About FFC cable use in 3d printers

It appears that increasing number of 3d printer manufacturers starting to use Flexible Flat ribbon Cables (FFC) in their printer designs. Here is an example (screenshot taken from 3DMN's Youtube channel https://www.youtube.com/watch?v=nP_b0sfnuAA)

I think FFC are more reliable comparing to another trend that uses VGA cables with D-sub connectors. Also, FFCs look much "cleaner" than regular cables ending with header (or similar) connectors.

I want to modify my printers and use FFCs for bringing power to print-heads and X-motors of IDEX printer, but I'm unsure about amount of current such cables can carry. I was able to find FFC voltage ratings, but nothing about max current. Out of 0.5 and 1.0 mm pitch options, I'd definitely choose the latter, but will a single pair of pins be enough to carry 3.4 Amps consumed by 40W heater?

I'd appreciate if you share your thoughts/expertise regarding this.


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I would say no, found here a datasheet with Current Ratings;


@BerndJM Thanks for the link!
Looks like I will need to choose option with 2mm pitch where each conductor has 2A rating. Two pairs of pins connected in parallel should be sufficient for heaters (2x3 would be even better). As for the rest, including motors - single conductor per wire should be enough.

I have few TearTime printers that use flatflex cables and compared to most prc 3d printer manufacturers these ppl almost know what they are doing ..

they are using "puny" 18W heaters and 19V as main voltage (heaters, motors..) but even for them they are running double tracks for heaters, so they only run 0.5A per track

now from some other use of flat flex I know they go from .03 to .1mm thickness and that's a lot of difference for current carrying capability for same width.. I assume higher thickness reduces elasticity so you need to find balance

Good point! I did not think about that. Thanks for the info.

Oh man, you beat me to it. There's no way I'd power a hotend from such a tiny wire.

I've had my experiences there. My first printer was a Velleman K8200. The whole wiring was done with "normal" ribbon cable.
2 x 3 wires for the Hotend that was already very borderline, at the latest when one or two wires break.... :fire:

The mentioned cable type 6 of the data sheet with 2mm pitch and 0.1mm thickness could work, but that's also stiff, almost 3 times as thick as a standard cable. How well - and above all how often - can this be bent? I don't know.

That's just a question of operational safety vs. beauty. :innocent:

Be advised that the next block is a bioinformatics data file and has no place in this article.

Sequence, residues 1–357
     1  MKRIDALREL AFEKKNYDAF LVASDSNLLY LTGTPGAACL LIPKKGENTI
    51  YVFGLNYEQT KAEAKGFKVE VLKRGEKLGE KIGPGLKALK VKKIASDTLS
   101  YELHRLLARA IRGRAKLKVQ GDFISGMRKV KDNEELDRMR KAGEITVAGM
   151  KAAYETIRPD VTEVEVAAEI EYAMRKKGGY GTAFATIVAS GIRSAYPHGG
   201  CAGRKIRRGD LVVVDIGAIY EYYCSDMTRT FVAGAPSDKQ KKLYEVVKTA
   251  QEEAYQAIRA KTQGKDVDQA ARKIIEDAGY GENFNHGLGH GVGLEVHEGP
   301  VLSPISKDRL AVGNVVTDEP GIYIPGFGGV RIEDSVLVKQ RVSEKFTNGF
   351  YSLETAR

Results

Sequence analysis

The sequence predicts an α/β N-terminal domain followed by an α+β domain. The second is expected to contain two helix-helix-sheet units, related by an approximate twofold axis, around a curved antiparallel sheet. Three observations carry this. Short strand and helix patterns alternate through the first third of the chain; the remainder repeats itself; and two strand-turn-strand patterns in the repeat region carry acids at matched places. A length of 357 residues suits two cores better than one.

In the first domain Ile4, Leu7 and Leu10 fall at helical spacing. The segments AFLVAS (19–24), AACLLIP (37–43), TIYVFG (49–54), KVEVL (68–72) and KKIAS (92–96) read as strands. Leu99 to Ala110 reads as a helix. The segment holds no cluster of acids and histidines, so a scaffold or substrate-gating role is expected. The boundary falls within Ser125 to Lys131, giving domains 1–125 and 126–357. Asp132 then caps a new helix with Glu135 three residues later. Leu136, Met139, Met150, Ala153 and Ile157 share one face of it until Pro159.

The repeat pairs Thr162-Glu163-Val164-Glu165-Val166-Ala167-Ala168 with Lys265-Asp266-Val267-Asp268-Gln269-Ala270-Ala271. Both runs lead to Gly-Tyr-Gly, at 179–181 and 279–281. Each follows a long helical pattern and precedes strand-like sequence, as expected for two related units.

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They also used them for the heat bed and I actually had that wire break there...

Thanks to all for your replies. I'll take them as your unanimous advise against using FFC.

I have to say, on UP Plus 2 there are 2 flatflex cables and one normal flat, 2 flatflex (maybe 3 don't remember) power 2 motors and heated bed and sensors from the bed and limit switches and... and there is one normal flat cable (10x1mm2 or 10x0.7mm2 can't say for sure they are too similar) that runs extruder motor, 2 fans, extruder heater and sensor, and after many years the flat flex cables are still operating 100% while the normal flat cable died once and now (started misbehaving 10min ago) is dead again .. has nothing to do with current carrying capacity, it did not burn, just wire got loose (last time fan wire, now it is sensor wire in the flat cable) ... and the flat cable is moving and bending a lot less than flatflex cables ... so .. dunno, have very limited experience in my designs with moving flatflex, I use them a lot but the movement is minor (during assembly or repair only)... but e.g. the ones on up plus 2 or up mini work without a problem for many years (wrt bending, wrt current carrying capacity they go with under 500mA per track)

ohh yeah ... I totaly forgot about this adventurous wiring :stuck_out_tongue_closed_eyes:

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Yes - but I learned most about practical 3D printing with that printer.

The actual reason I started this topic was sagging print-head cable in my newly built printer, but looks like I found the better solution than replacing the cables.
I bought 10 Ft. Spring-Steel Drain & Trap Cleaner in Harbor Freight for $3.99, 3d-printed 2 pieces that hold the ends of the spring and attached them to DB15 plastic hoods with 2 screws. My custom built print-head cables terminate with DB15 connectors. Spring and wires are placed into Split Loom 1/2" Tubing and keep perfect arc shape. :smiley:

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Formbot/Vivedino also went away from FFC cables and use usual ones with a spring:

If Tesla were still alive today he'd be delivering power to the hotend via a frickin' tesla coil...

...like a boss.